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The Perfect Nap Routine

Image of a baby asleep on a bed. Text in a pink circle says 'The prefect nap routine'

As a new parent, it’s easy to get caught up in the search for a perfect nap schedule. You may find yourself comparing your baby’s naps to those of other babies, or trying to force your baby into a rigid nap routine. But it’s important to remember that every baby is different, and there is no one-size-fits-all approach to napping.

This blog is going to explain naps so you can come up with the perfect nap routine for YOUR child.

How do naps work?

Babies and children typically need more sleep than adults, and to fit that into a 24-hour period, they need to sleep during the day as well as at night.

Kids need naps to manage sleep pressure, sleep pressure builds the longer we’re awake until it peaks and we need to rest.

Naps are usually needed until around 2-3 years old with some dropping them before or even later than that age.

Somewhere between 4 and 6 months, sleep cycles mature to contain different sleep stages; light sleep, deep sleep and REM sleep within each cycle.

Each sleep stage has a different purpose, in brief:

Non-REM 1 & 2 sleep is the light stage of sleep where the brain slows everything down to allow the repair and restoration functions to take over. 

Deep sleep is the part of the cycle where the body is building, growing, repairing and releasing the growth hormone. It’s also important for memory and cognitive function.

REM sleep is active sleep, the brain is almost as active as when it is awake, although the body is paralysed. REM Sleep is dreaming sleep and it’s where memories are consolidated, the brain is developing, and emotions are processed (we think that’s part of the purpose of dreams).

What  we need to understand and recognise as parents is that the brain will do the type of sleep it needs the most, so during times of development, it might need to do more REM sleep to bank skills into memory. At other times, more deep sleep might be required in order to prioritise growth.

Why your baby's naps might be short or unpredictable

Here are a few reasons why it’s normal for babies to nap for different lengths of time:

  • Age: Babies’ sleep needs change as they grow and develop. Newborn babies need to sleep a lot, but their sleep cycles are short and they may wake up frequently to feed. As babies get older, their sleep cycles lengthen and they might start to take longer naps. Also when babies are able to stay awake longer, there’s more sleep pressure and so naps might get a bit longer.
  • Developmental milestones: Babies are constantly learning and growing, and this can affect their sleep patterns. For example, a baby who is learning to roll over or crawl may be more likely to wake up during naps.
  • Temperament: Some babies are simply more active and alert than others. These babies may take shorter naps, or they may wake up more easily from naps or just be more challenging to get to sleep than others. 
  • Environment: Noise, light, and temperature can all affect sleep. A baby who is sleeping in a noisy or bright environment may be more likely to wake up during naps.
  • Your own routine isn’t predictable. If you’re not in the same place at the same time every day then it makes sense that your baby’s naps will be different. Maybe one day you go swimming, the next you have a baby class, another day you’re at home more, doesn’t it make sense that your baby might just have different needs on different days?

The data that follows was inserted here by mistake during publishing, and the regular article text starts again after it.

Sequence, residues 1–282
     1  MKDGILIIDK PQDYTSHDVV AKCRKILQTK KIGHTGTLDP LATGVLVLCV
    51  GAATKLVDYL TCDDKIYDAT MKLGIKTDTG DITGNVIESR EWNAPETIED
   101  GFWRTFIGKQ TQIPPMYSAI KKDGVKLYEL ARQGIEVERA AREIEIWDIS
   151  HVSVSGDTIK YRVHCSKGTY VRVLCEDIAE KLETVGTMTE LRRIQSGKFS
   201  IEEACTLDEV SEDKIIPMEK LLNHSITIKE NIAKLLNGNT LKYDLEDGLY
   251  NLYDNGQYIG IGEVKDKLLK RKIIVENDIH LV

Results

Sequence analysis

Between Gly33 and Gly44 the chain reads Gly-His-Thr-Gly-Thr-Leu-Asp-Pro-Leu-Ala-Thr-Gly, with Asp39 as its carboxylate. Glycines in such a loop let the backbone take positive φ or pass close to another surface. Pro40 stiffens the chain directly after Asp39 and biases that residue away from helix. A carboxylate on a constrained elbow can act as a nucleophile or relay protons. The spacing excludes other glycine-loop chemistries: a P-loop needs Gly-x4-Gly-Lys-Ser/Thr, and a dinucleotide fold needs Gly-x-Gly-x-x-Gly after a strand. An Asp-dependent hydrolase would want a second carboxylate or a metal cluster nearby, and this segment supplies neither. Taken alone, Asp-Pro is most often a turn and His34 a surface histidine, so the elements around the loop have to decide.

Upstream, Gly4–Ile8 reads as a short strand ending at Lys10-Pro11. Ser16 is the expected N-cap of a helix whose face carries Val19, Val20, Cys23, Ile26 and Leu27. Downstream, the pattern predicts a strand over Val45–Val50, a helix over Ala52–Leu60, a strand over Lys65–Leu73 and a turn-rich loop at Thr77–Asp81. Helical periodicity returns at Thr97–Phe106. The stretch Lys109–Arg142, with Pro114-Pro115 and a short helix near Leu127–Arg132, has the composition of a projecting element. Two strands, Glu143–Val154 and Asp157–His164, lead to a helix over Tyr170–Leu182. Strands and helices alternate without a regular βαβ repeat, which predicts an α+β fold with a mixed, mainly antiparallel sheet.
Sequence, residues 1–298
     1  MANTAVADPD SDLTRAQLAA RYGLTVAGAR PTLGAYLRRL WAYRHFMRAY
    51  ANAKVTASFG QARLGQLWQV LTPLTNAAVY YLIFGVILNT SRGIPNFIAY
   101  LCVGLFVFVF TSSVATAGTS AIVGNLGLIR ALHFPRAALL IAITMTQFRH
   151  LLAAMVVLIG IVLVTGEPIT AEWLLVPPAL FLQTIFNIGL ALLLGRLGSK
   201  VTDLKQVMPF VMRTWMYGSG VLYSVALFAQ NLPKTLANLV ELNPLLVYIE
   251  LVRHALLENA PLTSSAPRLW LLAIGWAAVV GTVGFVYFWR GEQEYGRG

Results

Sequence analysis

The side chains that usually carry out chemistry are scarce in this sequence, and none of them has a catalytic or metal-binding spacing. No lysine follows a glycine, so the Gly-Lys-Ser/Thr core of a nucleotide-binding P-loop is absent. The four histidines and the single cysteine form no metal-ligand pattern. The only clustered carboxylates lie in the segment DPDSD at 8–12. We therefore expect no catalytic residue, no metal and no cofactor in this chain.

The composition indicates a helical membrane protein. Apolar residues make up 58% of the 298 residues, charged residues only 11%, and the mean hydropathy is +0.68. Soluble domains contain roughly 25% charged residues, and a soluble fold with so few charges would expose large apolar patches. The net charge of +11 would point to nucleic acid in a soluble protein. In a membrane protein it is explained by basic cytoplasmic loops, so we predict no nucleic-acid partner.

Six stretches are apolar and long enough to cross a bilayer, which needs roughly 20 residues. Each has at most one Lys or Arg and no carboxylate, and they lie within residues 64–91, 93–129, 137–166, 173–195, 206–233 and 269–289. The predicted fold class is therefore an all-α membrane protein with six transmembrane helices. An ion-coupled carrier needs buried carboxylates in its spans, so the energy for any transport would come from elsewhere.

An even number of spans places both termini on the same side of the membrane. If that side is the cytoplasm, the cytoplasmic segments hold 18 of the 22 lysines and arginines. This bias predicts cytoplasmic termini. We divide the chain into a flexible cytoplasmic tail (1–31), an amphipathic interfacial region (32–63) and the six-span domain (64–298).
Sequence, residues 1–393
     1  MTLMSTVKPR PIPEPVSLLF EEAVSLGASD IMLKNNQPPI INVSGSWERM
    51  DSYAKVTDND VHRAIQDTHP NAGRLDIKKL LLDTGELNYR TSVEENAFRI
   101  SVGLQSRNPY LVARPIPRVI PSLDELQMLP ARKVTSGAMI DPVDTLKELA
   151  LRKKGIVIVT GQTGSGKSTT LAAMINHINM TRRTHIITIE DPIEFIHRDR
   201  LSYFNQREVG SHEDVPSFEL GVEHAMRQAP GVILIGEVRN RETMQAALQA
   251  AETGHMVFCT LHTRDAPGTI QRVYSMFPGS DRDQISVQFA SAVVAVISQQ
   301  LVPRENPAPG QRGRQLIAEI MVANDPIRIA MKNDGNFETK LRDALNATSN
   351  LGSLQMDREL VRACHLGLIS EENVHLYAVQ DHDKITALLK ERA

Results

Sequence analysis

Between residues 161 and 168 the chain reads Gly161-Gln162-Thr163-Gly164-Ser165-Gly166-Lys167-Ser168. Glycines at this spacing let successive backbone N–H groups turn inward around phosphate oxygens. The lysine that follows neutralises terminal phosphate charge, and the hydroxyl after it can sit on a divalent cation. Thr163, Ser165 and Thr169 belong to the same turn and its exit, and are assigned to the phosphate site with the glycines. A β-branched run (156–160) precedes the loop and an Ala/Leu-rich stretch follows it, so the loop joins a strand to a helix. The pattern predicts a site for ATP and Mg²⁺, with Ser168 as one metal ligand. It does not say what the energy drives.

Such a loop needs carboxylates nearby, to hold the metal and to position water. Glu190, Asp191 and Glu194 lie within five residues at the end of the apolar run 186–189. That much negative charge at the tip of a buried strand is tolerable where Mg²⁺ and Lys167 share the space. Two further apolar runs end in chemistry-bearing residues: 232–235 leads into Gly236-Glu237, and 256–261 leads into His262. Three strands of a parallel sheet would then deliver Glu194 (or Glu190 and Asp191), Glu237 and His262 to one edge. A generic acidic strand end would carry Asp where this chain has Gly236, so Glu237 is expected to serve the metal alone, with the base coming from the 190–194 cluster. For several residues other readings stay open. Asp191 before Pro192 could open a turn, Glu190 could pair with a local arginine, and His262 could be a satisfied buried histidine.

So as frustrating as it might be that your baby’s naps are different on different days, we really should trust the brain to do what it needs. 
 
That being said, if you find that your baby is grumpy and not loving life around their naps, here are some tips to try and lengthen them out. 

Tips for helping your baby to nap longer

  • Play around with sleep pressure – do they need to be awake a little longer to need a longer nap. And vice versa, have they been awake too long?
  • Have they had enough stimulation between naps? Remember sleep pressure builds not only with time, but with how busy/stimulated they are.
  • Try a contact nap/sling nap/car nap/pram nap. If you’ve tried all these options and it’s still a short nap then, that’s all they need. Trust their body.

Tips for encouraging a more predictable routine

This is a tricky one, what we often think of as a predictable routine, is one where they wake, nap and go to bed at the same time every day.  To be honest, unless your kid is naturally a routine kiddo then this can often be a challenge to implement.

  • Start by waking at a similar time every day, this might at least bring the first nap of the day to a more predictable time.
  • Think about tracking sleep for a few days and seeing whether there is any natural pattern, then encourage that. Beware of the downsides of using a sleep-tracking app… they’re not always good for your mental health (read more here).
  • Learn to read your child’s cues and trust those rather than any app/plan that you’ve been given.
  • Remember ‘predictable routine’ might look different for different kids, for some it might be that their naps are at a similar time every day, for others the only predictable thing might be how many naps a day they need. 

If it helps at all, you often find that things naturally become more predictable when they drop to two naps a day between 7 and 9 months (a morning and an afternoon nap) and even more so when they drop to one nap which typically happens between 14 and 18 months.

So you see that there’s not really a ‘perfect nap routine’, what works for one, won’t work for another and of course their needs change from day to day and week to week. Try to focus on what your little one needs and trust their little bodies to give you the clues. 

 

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